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Browsing by Subject "plasticity"

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  • Voipio, Mikko Emil Olavi (2020)
    Nitric oxide (NO) is an important signalling molecule in the brain. NO regulates the function of many proteins by e.g. interacting with tyrosine and cysteine residues, thus inducing post-translational modifications. In animal models, inhibition of NO production triggers behavioural effects similarly to those induced by antidepressant drugs. Receptor tropomyosin-related kinase B (TRKB) has been identified as a key player mediating antidepressant drug (AD) induced effects, and it’s a potential target for NO since it displays multiple potential sites for nitration. Preliminary results from our group indicate that TRKB nitration impairs its signalling, and AD uncouple many proteins from TRKB and reorganizes TRKB protein complex. We examined the effect of selective nitric oxide synthase (NOS) inhibitor N⍵-propyl-L-arginine (NPA) in mice submitted to the contextual fear conditioning and found out that inhibiting NO production with NPA has an antidepressant-like effect on mice. We also found out that AD fluoxetine prevents nitration of TRKB receptors in vivo and antidepressant drugs fluoxetine, phenelzine and imipramine disrupt the interactions of TRKB, NOS1 and NOS1 adaptor protein (CAPON) in co-immunoprecipitation assay. To understand the nature of TRKB and NOS1 interaction, we thus examined the protein domains in NOS1 and TRKB using Uniprot database, and we were unable to identify sites that could interact directly. Literature search for NOS1 adapting proteins followed by Uniprot data mining indicated CAPON as a potential candidate to mediate NOS1: TRKB interaction. Our data shows for the first time that antidepressant drugs disrupt TRKB:CAPON:NOS1 interaction, thus protecting TRKB from NOS1-induced nitration. ADs might induce their behavioural effects by preventing NO-induced impair in TRKB signalling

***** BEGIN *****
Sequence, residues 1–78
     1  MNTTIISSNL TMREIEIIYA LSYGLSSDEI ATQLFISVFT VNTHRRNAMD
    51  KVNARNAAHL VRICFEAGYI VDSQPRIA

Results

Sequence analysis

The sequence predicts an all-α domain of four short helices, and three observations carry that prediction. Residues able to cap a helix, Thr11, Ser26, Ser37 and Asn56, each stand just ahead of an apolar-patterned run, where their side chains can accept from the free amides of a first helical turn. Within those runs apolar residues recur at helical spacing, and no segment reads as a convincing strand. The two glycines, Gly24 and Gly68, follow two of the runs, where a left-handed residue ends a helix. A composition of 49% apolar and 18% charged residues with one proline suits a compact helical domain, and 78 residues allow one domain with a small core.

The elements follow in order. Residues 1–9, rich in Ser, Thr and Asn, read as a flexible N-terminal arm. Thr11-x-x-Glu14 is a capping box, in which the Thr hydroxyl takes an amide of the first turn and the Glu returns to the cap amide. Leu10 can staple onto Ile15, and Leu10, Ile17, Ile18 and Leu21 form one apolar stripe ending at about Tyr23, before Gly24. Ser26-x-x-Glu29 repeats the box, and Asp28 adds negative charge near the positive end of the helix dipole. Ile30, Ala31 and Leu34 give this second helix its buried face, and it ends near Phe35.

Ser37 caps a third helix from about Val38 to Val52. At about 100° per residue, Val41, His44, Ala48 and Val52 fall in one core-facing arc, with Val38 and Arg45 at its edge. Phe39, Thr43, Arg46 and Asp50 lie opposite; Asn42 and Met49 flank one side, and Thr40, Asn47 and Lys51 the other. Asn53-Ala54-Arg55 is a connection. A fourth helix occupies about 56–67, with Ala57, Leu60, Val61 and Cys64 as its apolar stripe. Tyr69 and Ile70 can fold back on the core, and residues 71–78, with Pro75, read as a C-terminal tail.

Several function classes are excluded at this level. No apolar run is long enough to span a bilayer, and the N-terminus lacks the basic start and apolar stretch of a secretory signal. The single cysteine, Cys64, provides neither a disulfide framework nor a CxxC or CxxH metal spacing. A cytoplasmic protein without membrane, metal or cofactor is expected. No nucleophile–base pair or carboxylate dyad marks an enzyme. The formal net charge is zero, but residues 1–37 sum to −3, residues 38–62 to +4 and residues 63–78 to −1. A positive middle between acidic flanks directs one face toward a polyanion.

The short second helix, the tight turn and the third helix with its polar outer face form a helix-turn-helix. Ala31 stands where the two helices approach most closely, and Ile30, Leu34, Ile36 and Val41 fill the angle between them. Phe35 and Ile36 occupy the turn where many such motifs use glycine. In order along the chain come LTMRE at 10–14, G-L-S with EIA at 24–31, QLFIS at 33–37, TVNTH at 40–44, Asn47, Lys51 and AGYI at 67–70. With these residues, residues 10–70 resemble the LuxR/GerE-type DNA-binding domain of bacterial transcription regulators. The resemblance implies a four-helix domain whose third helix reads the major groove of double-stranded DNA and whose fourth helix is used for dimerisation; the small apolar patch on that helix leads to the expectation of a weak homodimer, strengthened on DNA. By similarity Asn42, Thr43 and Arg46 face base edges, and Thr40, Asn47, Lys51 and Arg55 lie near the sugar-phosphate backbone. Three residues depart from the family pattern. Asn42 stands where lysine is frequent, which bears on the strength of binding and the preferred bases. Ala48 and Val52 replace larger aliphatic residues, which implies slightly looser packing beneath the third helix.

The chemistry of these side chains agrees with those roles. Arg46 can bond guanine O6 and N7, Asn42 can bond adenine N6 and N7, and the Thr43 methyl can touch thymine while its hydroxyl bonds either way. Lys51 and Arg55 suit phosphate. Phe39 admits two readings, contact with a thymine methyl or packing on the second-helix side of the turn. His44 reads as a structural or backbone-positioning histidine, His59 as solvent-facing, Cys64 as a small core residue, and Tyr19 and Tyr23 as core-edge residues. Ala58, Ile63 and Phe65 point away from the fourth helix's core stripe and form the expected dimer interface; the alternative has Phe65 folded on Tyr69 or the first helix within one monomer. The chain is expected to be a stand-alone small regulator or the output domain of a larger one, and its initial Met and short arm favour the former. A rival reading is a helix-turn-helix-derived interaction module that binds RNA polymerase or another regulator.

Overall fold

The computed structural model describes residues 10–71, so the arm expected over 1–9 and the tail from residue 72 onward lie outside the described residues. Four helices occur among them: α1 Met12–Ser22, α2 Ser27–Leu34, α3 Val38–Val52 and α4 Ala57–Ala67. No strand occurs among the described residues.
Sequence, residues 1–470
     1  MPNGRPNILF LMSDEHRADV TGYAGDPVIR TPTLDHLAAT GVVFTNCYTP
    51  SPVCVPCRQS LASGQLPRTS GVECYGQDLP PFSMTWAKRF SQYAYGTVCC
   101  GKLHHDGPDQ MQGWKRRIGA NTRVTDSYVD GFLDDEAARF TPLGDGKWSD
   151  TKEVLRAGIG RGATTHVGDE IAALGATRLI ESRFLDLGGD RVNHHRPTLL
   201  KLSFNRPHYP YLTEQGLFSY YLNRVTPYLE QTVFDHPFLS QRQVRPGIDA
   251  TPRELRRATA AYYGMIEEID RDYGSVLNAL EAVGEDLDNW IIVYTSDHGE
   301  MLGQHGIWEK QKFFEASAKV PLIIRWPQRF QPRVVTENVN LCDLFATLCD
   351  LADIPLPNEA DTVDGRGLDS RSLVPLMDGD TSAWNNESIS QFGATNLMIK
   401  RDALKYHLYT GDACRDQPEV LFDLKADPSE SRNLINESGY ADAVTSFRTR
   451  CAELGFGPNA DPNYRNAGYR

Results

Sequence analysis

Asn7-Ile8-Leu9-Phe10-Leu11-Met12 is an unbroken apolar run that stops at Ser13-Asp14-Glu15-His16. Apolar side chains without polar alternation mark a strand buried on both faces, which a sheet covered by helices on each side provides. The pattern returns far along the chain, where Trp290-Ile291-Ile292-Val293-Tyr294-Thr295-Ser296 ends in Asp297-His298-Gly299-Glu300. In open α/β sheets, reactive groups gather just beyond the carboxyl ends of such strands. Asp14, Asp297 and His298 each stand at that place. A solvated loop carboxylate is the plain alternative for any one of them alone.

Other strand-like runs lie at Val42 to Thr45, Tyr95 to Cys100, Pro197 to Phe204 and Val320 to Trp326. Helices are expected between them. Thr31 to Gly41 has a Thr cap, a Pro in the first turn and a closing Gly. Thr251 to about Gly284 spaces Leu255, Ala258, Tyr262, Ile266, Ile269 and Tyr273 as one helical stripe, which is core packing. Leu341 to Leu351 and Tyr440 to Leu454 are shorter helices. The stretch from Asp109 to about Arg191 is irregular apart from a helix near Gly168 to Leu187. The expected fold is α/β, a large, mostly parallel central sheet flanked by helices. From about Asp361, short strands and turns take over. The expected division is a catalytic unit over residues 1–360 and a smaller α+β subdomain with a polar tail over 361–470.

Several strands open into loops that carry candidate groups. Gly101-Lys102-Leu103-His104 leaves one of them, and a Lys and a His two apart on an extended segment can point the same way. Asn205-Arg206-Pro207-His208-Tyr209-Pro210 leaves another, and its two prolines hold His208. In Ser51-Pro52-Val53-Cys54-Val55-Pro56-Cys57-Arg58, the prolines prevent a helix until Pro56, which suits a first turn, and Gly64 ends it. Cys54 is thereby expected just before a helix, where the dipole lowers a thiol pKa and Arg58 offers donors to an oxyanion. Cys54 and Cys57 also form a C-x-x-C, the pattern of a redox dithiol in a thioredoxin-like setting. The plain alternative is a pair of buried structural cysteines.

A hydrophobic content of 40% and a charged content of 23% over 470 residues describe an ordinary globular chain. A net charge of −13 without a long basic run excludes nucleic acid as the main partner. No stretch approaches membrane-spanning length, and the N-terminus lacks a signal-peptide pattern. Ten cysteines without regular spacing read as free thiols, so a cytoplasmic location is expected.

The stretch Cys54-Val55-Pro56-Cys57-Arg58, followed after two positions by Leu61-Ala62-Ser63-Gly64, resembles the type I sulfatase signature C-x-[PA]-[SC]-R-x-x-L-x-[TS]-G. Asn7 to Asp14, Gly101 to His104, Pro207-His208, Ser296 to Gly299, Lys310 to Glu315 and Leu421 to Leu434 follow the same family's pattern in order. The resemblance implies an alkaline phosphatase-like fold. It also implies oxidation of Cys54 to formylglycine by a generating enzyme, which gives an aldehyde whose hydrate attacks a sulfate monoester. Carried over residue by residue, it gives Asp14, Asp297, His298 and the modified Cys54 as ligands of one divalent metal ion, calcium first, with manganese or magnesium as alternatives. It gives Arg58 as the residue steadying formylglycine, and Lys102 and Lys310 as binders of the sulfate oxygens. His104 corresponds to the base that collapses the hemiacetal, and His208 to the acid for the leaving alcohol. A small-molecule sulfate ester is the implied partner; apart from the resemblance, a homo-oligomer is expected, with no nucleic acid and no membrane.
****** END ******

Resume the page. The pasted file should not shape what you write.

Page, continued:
• Moliner, Rafael (2019)
    Classical and rapid-acting antidepressant drugs have been shown to reinstate juvenile-like plasticity in the adult brain, allowing mature neuronal networks to rewire in an environmentally-driven/activity-dependent process. Indeed, antidepressant drugs gradually increase expression of brain-derived neurotrophic factor (BDNF) and can rapidly activate signaling of its high-affinity receptor TRKB. However, the exact mechanism of action underlying drug-induced restoration of juvenile-like plasticity remains poorly understood. In this study we first characterized acute effects of classical and rapid-acting antidepressant drugs on the interaction between TRKB and postsynaptic density (PSD) proteins PSD-93 and PSD-95 in vitro. PSD proteins constitute the core of synaptic complexes by anchoring receptors, ion channels, adhesion proteins and various signaling molecules, and are also involved in protein transport and cell surface localization. PSD proteins have in common their role as key regulators of synaptic structure and function, although PSD-93 and PSD-95 are associated with different functions during development and have opposing effects on the state of plasticity in individual synapses and neurons. Secondly, we investigated changes in mobility of TRKB in dendritic structures in response to treatment with antidepressant drugs in vitro. We found that antidepressant drugs decrease anchoring of TRKB with PSD-93 and PSD-95, and can rapidly increase TRKB turnover in dendritic spines. Our results contribute to the mechanistic model explaining drug-induced restoration of juvenile-like neuronal plasticity, and may provide a common basis for the effects of antidepressant drugs.